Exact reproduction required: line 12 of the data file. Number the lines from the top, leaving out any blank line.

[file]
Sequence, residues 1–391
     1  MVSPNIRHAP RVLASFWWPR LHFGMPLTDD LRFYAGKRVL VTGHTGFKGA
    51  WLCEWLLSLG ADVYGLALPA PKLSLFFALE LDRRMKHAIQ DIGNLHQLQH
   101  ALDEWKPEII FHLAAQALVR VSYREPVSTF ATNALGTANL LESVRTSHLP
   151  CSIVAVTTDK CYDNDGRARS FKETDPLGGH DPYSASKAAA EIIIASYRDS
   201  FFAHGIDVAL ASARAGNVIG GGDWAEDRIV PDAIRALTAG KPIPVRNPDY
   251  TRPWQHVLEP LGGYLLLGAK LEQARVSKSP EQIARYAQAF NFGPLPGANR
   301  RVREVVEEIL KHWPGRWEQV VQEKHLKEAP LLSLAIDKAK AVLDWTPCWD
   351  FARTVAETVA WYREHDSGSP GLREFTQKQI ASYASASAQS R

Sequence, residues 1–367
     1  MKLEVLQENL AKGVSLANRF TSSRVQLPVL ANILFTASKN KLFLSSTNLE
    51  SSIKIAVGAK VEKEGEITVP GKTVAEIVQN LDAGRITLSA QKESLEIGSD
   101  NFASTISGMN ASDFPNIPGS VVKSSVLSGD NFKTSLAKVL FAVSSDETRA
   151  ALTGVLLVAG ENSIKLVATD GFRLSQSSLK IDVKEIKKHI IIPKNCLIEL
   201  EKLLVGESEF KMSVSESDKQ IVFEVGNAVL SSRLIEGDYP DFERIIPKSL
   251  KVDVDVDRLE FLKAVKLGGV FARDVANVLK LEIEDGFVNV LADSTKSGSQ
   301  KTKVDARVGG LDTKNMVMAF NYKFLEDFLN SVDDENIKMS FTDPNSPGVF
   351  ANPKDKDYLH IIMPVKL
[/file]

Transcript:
    51  SSIKIAVGAK VEKEGEITVP GKTVAEIVQN LDAGRITLSA QKESLEIGSD